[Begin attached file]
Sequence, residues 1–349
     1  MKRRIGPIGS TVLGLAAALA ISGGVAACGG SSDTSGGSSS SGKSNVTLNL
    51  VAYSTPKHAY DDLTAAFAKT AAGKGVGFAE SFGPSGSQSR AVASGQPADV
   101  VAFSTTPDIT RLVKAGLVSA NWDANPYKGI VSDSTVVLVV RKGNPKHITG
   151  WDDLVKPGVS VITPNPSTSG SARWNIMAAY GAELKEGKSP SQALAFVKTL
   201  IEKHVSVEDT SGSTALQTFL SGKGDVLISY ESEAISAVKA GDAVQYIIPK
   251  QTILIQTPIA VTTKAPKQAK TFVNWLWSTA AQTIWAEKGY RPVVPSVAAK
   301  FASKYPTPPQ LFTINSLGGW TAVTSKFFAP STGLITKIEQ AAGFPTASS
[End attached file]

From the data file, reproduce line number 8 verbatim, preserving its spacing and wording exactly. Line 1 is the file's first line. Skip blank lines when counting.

   301  FASKYPTPPQ LFTINSLGGW TAVTSKFFAP STGLITKIEQ AAGFPTASS